We are living in an age when almost everything is occurring at an accelerated pace. After dividing the day into 24 hours, we seem to be racing to stuff all 1440 minutes of it with productivity, trying to multiply our fortunes with material wealth, luxuries and conveniences. It's a 24x7, global world, we proudly proclaim, barely catching our breath.

In this fast-moving, racing world, people, especially in the mega cities, are mostly on their physical and mental toes. They are commuting long commutes, running errands or walking erroneously; they are rushing to complete PPTs, attend meetings and meet attendees at events; they pound their keyboards furiously in the hope of spitting out code to lick the competition for that time-to-market edge; and they must party harder to justify all that hard work in double quick time!

We are caught in a never-ending hangover of a time-tortured existence. And as if pencilled notes, stick-ons and diaries were not enough, we now have a digital pile of smartphone alerts to keep us on the tenterhooks.

We have barely learned to put our phones in silent mode when constantly reminded of...the so...on certain...occasions. But when shall we learn to put our minds in silent, or pause, mode?

A semblance of pause in our hurried lives began in pop culture with what is called the “slow movement,” which itself expanded from Slow Food, an organization founded in Italy in 1986 by one Carlo Petrini as an alternative to fast food (heard of McDonald’s, have you?) This cultural shift toward slowing down life is catching on and, according to Wikipedia, we now have slow cities, slow ageing, slow cinema and slow church. There’s even an attempt to brand and institutionalize slowness through The World Institute of Slowness!

But the pauses I’m talking about is about you, your pace and your life rather than about a fad, a brand or about joining something just because it is de rigueur to do so.

For one, no one other than you can define the types, quantities and qualities of the pauses that best suit you.

For instance:

- You may want to take a pause by way of a coffee break (nothing new I know but still).

- You may want to pause by correcting your posture in which you are working, perhaps tilting your head backward or straightening your spine or simply getting your bearing for a while before resuming.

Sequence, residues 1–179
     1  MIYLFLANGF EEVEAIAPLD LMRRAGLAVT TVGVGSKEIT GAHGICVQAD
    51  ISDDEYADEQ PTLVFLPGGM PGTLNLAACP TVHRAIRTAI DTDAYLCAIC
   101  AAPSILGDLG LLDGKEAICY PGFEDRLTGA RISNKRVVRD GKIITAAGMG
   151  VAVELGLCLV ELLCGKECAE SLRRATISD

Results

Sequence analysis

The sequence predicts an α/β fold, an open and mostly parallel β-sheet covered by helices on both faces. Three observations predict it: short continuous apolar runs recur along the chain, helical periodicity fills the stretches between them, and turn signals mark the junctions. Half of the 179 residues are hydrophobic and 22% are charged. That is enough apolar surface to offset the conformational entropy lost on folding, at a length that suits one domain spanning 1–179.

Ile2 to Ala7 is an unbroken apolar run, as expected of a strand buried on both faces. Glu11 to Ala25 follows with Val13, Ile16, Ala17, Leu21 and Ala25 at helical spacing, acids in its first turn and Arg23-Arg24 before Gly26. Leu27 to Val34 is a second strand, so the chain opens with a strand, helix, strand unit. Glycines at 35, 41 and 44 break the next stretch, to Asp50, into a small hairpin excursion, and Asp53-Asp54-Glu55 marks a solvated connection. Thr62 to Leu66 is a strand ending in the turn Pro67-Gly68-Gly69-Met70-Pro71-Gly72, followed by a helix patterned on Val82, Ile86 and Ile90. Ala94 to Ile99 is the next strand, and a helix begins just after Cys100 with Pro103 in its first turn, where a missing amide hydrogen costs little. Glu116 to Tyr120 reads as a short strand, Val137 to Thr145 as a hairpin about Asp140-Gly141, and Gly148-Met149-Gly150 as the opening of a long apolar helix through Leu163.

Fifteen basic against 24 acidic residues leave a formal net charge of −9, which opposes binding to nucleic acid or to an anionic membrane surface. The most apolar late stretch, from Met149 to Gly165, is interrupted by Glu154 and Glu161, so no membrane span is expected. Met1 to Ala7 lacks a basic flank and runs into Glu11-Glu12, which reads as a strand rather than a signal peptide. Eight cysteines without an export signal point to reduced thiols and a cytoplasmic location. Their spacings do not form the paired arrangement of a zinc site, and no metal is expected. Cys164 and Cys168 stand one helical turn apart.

- For longer pauses, you may go on a road trip or, like they say now, enjoy a staycation.

- Still longer pauses can be taken through longer, well-planned trips (difficult for many for want of money or ample leave balance).

- You may try one of my favorite pauses, which is to close the eyes for a couple of minutes (cupping them with the hands helps) and savor the relief that comes from switching from a glaring screen (if you work on a computer) to the blankness of black. You can always enhance it with some deep breathing.

Whichever pauses you choose, they should be appropriately timed with the right space between two pauses: too many will interfere with your work and too few wouldn’t bring you sufficient respite.

And while you take these reprieves, it wouldn’t be out of place to take a moment to reflect back on your larger purpose, your bigger goals--as well as the impact of your own journey on those around you.

When you look back on these pauses, you may realize that some of them indeed made the journey worthwhile. You may also discover, and appreciate, that silence often shapes you as a person just as activity does.

In our environmentally degrading world, there aren’t too many roses left, but no harm stopping and smelling them once in a while when we can (or planting some if we fail to find any).

May the New Year punctuate your days ahead with many many becalming, fragrant and refreshing pauses!

Sunday, November 6, 2016

Telcos Undergoing Transformative Changes Due to Surging Data Demand

On 2 September 2009, The New York Times published an article headlined ‘Customers Angered as iPhones Overload AT&T’.
Calling the new iPhone 3GS a “data guzzler”, it went on to describe how the device choked up bandwidth on the telecom operator’s network, resulting in “dropped calls, spotty service, delayed text and voice messages and glacial download speeds”.